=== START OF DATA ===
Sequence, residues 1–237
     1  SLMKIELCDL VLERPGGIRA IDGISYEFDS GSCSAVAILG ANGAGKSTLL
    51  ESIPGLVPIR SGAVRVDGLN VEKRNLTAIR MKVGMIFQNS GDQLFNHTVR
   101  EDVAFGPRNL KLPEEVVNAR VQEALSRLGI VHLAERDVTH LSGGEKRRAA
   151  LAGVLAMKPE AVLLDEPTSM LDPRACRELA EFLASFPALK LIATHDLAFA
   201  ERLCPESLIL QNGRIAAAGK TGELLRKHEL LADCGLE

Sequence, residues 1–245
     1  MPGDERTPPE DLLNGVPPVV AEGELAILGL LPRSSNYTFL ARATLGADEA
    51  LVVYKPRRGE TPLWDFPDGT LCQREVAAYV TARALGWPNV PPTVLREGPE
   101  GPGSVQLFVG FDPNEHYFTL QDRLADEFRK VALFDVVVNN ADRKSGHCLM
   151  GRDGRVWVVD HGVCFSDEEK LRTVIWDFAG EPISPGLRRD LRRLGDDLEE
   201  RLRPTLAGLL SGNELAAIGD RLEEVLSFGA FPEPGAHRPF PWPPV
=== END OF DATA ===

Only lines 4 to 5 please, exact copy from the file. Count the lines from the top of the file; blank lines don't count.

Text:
   101  EDVAFGPRNL KLPEEVVNAR VQEALSRLGI VHLAERDVTH LSGGEKRRAA
   151  LAGVLAMKPE AVLLDEPTSM LDPRACRELA EFLASFPALK LIATHDLAFA